This winter, fill your home with the cosy aromas of mulled cider. Spiced with ginger, star anise and cinnamon, mulled cider is the perfect warming winter tipple. It's a delicious alternative to the more familiar mulled wine.
With two mature apple trees at our cottage in Suffolk, we often make cider from the surplus apples. So it was inevitable for me to try my hand at making mulled cider. Once I tried it soon became a regular winter tipple and I now serve it alongside mulled wine at festive gatherings and it's hard to say which is the most popular.
I liked to mull cider with ginger, as apple and ginger are such a good combination. To this I add a hint of star anise and cinnamon. If you don't have star anise, a few cloves will give a nice spiciness.
The end result is lighter than mulled wine yet with a lovely warming flavour of ginger that doesn't overpower. For a little bit more of a kick, I add a good slug of brandy.
When served warm, it is a delicious winter drink, but also surprisingly good served cold. In addition, it's cheaper and lower in alcohol than mulled wine. All in all well worth giving a try.
I like it! Do you?
- Cider – A still dry cider is the best for mulling. You can use a cloudy or clear cider.
- Apple Juice – If using a cloudy cider you can use a cloudy or clear apple juice but if using a clear cider opt for a clear apple juice so your mulled cider is also clear.
- Sugar – If you use a sweet cider you might want to reduce the sugar slightly. I prefer to use a dry cider as more sugar can always be added later if the mulled cider is not sweet enough for you.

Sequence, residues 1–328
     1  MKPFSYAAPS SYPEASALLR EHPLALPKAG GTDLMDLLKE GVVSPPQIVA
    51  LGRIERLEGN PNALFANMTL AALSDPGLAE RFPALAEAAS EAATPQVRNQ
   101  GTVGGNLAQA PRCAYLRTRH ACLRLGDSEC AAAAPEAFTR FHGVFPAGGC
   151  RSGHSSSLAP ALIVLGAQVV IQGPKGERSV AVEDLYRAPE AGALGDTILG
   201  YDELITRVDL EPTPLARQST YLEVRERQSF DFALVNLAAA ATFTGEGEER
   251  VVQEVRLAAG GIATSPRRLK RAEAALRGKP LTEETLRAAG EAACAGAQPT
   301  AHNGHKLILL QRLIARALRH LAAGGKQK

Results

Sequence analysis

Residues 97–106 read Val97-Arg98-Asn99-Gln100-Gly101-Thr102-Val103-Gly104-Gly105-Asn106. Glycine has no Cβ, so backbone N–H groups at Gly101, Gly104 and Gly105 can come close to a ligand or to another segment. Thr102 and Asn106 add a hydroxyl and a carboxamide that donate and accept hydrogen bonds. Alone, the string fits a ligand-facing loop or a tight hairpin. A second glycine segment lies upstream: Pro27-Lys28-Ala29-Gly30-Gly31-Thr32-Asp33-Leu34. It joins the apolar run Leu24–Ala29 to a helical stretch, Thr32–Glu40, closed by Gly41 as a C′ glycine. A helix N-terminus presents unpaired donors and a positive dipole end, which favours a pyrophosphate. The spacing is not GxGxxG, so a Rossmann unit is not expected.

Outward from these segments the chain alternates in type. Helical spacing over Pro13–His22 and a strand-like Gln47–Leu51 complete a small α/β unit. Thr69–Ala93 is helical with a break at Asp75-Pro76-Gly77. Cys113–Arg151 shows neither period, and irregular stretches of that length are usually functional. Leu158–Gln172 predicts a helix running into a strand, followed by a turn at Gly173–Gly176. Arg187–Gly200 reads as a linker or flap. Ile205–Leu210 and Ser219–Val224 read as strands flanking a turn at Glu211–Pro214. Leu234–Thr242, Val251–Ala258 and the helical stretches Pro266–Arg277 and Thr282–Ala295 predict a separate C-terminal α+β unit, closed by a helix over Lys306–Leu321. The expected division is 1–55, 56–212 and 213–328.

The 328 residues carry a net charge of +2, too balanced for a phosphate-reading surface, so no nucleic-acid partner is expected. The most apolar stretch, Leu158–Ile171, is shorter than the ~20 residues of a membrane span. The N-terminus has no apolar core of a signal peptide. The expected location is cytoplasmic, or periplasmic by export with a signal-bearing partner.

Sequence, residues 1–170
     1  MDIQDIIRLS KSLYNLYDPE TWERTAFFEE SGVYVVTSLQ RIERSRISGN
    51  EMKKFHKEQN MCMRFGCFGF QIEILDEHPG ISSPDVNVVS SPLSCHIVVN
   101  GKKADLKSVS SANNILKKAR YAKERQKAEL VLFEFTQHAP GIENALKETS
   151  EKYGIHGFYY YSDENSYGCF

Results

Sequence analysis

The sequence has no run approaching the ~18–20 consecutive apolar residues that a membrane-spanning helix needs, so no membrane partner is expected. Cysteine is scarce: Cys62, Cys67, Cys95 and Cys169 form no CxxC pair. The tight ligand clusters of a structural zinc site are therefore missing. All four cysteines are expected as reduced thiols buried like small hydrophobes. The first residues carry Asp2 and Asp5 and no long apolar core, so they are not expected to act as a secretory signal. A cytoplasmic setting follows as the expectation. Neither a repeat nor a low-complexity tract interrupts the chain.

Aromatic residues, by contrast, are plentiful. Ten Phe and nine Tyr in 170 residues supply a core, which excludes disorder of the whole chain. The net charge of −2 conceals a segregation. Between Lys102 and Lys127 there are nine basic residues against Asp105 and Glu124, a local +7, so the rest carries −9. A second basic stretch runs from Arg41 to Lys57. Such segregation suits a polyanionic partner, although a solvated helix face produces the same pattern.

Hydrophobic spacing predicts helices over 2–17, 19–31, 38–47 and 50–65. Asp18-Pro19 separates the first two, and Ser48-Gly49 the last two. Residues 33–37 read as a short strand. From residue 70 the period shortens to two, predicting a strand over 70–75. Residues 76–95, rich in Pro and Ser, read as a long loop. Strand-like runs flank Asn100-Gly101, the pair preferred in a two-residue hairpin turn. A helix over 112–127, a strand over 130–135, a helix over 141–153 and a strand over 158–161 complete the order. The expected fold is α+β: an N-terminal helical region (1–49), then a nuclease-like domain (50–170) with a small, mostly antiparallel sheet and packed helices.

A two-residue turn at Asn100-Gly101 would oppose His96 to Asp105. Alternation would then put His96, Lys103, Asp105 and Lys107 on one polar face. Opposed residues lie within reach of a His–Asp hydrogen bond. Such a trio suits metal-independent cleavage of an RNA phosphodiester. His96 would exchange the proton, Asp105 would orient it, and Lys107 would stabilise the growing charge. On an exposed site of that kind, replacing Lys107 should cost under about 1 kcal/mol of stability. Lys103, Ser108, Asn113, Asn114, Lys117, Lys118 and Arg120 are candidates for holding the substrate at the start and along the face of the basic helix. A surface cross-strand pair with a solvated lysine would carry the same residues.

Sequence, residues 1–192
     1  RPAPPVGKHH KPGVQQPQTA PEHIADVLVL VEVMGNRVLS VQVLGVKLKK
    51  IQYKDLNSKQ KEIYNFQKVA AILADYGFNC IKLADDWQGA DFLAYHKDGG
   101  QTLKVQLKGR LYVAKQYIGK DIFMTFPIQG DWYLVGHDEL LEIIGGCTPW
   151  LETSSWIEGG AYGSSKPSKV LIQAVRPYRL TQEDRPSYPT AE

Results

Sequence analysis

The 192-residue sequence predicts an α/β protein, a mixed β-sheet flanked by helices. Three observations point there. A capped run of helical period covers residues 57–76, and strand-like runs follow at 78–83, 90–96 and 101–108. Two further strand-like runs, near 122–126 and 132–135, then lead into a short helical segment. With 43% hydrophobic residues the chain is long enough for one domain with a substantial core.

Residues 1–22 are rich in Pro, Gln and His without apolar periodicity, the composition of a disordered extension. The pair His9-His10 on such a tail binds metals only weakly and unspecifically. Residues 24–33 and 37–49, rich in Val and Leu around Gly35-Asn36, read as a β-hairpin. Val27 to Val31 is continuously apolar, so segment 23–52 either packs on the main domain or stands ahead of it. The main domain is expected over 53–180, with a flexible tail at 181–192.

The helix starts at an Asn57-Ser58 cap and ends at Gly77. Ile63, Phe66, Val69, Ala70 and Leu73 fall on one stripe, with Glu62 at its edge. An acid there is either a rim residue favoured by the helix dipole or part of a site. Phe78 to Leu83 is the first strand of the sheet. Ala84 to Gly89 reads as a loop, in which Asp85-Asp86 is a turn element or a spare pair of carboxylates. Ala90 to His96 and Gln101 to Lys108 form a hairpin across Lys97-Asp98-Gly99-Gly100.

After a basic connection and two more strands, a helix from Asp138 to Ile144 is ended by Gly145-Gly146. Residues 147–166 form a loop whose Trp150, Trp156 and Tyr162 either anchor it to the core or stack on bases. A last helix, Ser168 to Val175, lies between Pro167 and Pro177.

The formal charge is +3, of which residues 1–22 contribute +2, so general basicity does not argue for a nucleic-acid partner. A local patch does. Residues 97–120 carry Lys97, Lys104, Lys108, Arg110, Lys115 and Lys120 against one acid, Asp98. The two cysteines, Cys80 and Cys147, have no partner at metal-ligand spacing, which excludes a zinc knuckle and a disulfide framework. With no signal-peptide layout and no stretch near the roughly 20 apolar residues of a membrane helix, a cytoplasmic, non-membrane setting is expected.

- Spices – Ginger gives gentle warming tones to cider and cinnamon adds the classic flavour you expect from mulled drinks. Star anise compliments the ginger and cinnamon.
- Brandy – Add a little kick to the finished drink.
How to make mulled cider step by step
1 Pare the zest from the lemon with a potato peeler or sharp knife. Do not include the white pith.
2 Pour the apple and lemon juice into a large pan. Add the sugar and spices. Heat until sugar dissolves.
3 Add the cider and heat gently for 30 minutes.
4 Add the brandy just before serving in heatproof glasses.
Unlike mulled wine which I tend to only serve at Christmas, I serve mulled cider from autumn through to spring. It's fabulous after a long winter walk or to drink curled up on the sofa on a cold night.
After infusing the mulled cider can be kept warm for several hours. Serve spooned into heatproof glasses or mugs.
Perfect for parties, my mulled cider will serve about 12 people. You can scale up or down as required.
If you like you can serve each glass with a cinnamon stick.
Keeping the cider warm
As with mulled wine, the trick is to avoid boiling the mixture since this will drive off all the alcohol and will spoil the flavour. Keep it barely simmering, so that the cider is hot with just the occasional bubble rising to the surface.
A great way to keep mulled cider warm is in a slow cooker (crockpot). Perfect for parties!
- 1 lemon
- 300 ml apple juice
- 50 g caster sugar
- 2-3 cm piece root ginger peeled and sliced
- 2 star anise
- 1 cinnamon stick
- 1½ litre dry cider
- 2-3 tablespoons brandy optional
- Pare the the zest from one lemon lemon with a potato peeler or sharp knife. Take care not to include too much of the white pith. Squeeze the juice.
- Pour 300ml (½pt) apple juice and the lemon juice in a large pan and add the (2oz) sugar. Heat gently, stirring until sugar dissolves. Add 2-3cm ( 1in) ginger sliced , 2 star anise and 1 cinnamon stick and leave to simmer for a few minutes.
- Add 1½litres ( 2½pt) cider, and heat until it is just beginning to simmer. Reduce the heat and leave to simmer for at least 30 minutes. Do not allow it to boil.
- Just before serving add 2-3 tablespoon brandy id desired. Serve hot in sturdy glasses.
I'm linking this post to #CookBlogShare hosted here at The Glutenfree Alchemist